Updated: September 2, 2020
This article has a somewhat cryptic title, because the problem I am going to show and resolve here is not trivial. Long story short, you installed the MATE desktop in Raspberry Pi OS. Things are working fine, except there's no network icon in the panel. The network WORKS, but you can't control it.
You may even have installed network-manager-gnome (Network Manager) and enabled it, but it shows as an empty icon, with no Wireless networks detected and listed. As it happens, I faced this problem when I setup my Raspberry Pi 4, and so, I'd like to show you how to fix this. The solution is not pretty, but it works. Let's get to it, to it, to it, to it ...
Problem in more detail & understand network setup
By default, Raspberry Pi OS comes with an LXDE desktop, and the Wireless network configuration is controlled via the WPA supplicant utility. This utility does not cooperate well with Network Manager if configured independently, which is why you're seeing the problems that you're seeing in MATE.
To resolve the problem we need to: a) disable WPA supplicant b) enable Network Manager.
WPA supplicant configuration resides under /etc/wpa_supplicant/wpa_supplicant.conf. Inside this file will be a list of your Wireless networks and their credentials. We want to "move" this configuration aside so that WPA supplicant does not establish a connection on next login.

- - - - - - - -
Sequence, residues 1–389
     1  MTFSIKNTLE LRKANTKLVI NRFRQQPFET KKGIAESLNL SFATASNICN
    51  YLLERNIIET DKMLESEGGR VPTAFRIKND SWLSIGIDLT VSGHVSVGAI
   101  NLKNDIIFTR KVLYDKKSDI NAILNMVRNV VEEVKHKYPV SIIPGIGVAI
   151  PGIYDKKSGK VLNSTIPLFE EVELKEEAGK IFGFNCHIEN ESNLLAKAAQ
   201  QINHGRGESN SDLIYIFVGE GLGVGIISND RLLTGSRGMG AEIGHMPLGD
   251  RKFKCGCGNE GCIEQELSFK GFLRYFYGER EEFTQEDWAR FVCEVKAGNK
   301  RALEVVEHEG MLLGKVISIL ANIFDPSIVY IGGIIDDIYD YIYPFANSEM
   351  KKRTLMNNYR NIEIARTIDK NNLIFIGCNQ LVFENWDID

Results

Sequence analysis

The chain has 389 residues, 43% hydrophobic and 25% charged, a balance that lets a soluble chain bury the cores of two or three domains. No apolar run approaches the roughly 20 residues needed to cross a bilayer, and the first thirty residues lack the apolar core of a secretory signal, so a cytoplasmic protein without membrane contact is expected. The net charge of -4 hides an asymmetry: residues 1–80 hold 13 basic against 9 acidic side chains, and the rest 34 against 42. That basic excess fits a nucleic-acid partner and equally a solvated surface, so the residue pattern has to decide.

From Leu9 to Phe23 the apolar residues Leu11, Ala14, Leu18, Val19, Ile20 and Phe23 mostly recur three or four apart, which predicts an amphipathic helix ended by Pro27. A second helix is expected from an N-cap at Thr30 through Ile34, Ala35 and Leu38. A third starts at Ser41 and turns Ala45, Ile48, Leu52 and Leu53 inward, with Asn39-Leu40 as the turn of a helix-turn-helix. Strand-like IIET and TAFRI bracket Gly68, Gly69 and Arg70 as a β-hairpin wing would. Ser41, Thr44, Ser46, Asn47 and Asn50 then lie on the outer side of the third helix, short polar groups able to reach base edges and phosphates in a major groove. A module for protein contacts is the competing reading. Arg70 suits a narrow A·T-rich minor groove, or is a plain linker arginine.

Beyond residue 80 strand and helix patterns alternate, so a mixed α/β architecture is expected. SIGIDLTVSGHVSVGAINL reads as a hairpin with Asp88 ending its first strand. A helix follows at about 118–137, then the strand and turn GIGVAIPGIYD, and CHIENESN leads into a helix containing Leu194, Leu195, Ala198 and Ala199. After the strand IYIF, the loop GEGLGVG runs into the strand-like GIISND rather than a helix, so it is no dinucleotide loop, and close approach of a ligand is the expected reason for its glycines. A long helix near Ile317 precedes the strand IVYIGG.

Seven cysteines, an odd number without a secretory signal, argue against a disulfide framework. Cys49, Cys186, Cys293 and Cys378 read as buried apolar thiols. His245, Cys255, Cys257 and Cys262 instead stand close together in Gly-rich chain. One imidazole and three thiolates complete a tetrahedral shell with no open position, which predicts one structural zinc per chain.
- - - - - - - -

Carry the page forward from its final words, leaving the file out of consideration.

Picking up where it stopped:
sudo mv /etc/wpa_supplicant/wpa_supplicant /etc/wpa_supplicant/conf.bak
Next, install Network Manager:
sudo apt-get install network-manager-gnome
Enable it via Control Center > Startup Applications > checkbox network.
Verify Network Manager configuration - under /etc/NetworkManager/NetworkManager.conf. This is the default you get in MATE (for that matter, Ubuntu MATE):
That's it. Log out, log back in, and you should have Network Manager work and do its job properly:
Optional step: copy Ubuntu MATE configuration
As you may recall, I tested both Raspberry Pi OS and Ubuntu MATE on my Pi 4. If you're struggling with Network Manager, or something is off, simply copy the entire NetworkManager folder from /etc/ on the SD card with the Ubuntu MATE image to the SD card with the Raspberry Pi image!
Another hurdle unhurdled. If I may be permitted a super-corny joke, we're definitely in the HURD/Linux area rather than GNU/Linux area, hi hi ho ho. Now, on a more serious note, I am making fantastic progress with my Raspberry Pi 4, and being able to control network with a simple UI tool in MATE, or for that matter, Xfce or Plasma, opens a range of practical, useful possibilities. Without having this, Raspberry Pi OS had rather limited appeal to me.
Anyway, I hope you enjoyed this guide - we touched on some of the under-the-hood stuff, like WPA supplicant, Network Manager configuration, and if you're really in for the hack, you can even copy your settings from one SD card to another. I am now being inclined to try using other desktop environments - beyond what I've shown you already, that is, just to see how much fun I can have. Job done, see you around.